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A Hillbilly’s Response to JD Vance

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J. D. Vance’s Hillbilly Elegy became a best seller, and the author was a media presence during the 2016 presidential campaign. Hillbilly Elegy blends a story with a message. The story is a memoir featuring a vivid portrait of Vance’s dysfunctional family. The message purports to draw social and political lessons from the memoir.

There is substantial overlap between Vance’s profile and mine. Both of us grew up in Appalachia and have Scotch-Irish ancestry. Our families were poor. (My father was a coal miner.) Each of us was the first in his family to earn a college degree: Vance from Ohio State University and I from West Virginia University. Each of us went on to another more prestigious institution: Vance to Yale and I to Oxford. Both of us left Appalachia after completing our education. Vance has become a venture capitalist in Silicon Valley. I became a Philadelphia lawyer (now retired).

One striking difference between Vance and me is that I did not have a dysfunctional family. Vance’s racy account of his family is entertaining in a cringe-worthy way but will not seem novel to anyone who is familiar with Jesco White and his family, who were chronicled in the videos “Dancing Outlaw” and “The Wild and Wonderful Whites of West Virginia.”

One may doubt, therefore, that the family story alone would have landed Hillbilly Elegy on the bestseller list or Vance on the television screen. More likely, it was the political message that made Vance and his book the darling of The National Review and like-minded media outlets. As summarized by Mona Charen in The National Review:

Though the name Donald Trump is never mentioned, there is no doubt in the reader’s mind that the people who populate this book would be enthusiastic Trumpites.

But the book is far deeper than an explanation of the Trump phenomenon (which it doesn’t, by the way, claim to be). It’s a harrowing portrait of much that has gone wrong in America over the past two generations.

***

The American character has been corrupted by multiple generations of government dependency and the loss of bourgeois virtues like self-control, delayed gratification, family stability, thrift, and industriousness. Vance has risen out of chaos to the heights of stability, success, and happiness.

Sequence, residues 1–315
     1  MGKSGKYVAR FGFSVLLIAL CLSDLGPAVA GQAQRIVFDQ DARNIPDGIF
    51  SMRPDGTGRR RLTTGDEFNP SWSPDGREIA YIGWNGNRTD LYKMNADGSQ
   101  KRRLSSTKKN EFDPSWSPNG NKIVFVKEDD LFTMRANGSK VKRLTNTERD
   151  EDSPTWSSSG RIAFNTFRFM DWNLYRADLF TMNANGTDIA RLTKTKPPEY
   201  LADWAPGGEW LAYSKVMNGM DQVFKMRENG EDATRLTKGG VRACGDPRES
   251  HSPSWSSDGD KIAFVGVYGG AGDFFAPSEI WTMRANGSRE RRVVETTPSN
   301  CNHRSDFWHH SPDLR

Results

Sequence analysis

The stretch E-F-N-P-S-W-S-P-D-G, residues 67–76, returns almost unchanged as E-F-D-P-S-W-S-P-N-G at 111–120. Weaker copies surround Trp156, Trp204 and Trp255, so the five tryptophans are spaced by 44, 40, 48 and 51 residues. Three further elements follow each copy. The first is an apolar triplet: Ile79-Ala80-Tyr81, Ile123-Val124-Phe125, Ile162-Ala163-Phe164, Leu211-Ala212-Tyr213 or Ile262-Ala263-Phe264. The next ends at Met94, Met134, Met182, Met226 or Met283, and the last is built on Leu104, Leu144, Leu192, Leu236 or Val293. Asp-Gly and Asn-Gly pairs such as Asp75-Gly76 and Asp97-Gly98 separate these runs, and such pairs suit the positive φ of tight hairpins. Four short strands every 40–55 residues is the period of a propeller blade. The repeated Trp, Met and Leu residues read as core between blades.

In other words, government dependency has produced the ills of Appalachia, but Vance’s story shows that such ills can be overcome simply by rejecting the dependency and adhering to “bourgeois virtues.”

I suspect that Vance intended Hillbilly Elegy to be interpreted in that way, but there are internal contradictions. Consider, for example, the following excerpt:

Of course, the reasons poor people aren’t working as much as others are complicated, and it’s too easy to blame the problem on laziness. For many, part-time work is all they have access to, because the Armcos of the world are going out of business and their skill sets don’t fit well in the modern economy.

The more telling contradictions are found in Vance’s personal story. His climb from Appalachian poverty began with a stint in the Marine Corps — a government program. After that, he acknowledges, “the GI Bill [another government program] paid for a significant chunk of my education” at Ohio State. When he was accepted by the Yale Law School, he found that “the financial aid package Yale offered exceeded my wildest dreams. In my first year, it was nearly a full ride. That wasn’t because of anything I’d done or earned — it was because I was one of the poorest kids in school.”

Vance may have “risen out of chaos to the heights of stability, success, and happiness,” as Mona Charen put it, but his talent and industriousness had plenty of government and institutional support. As Vance finally acknowledges:

I had Pell Grants and government-subsidized low-interest student loans that made college affordable, and need-based scholarships for law school. I never went hungry, thanks at least in part to the old-age benefits that Mamaw generously shared with me.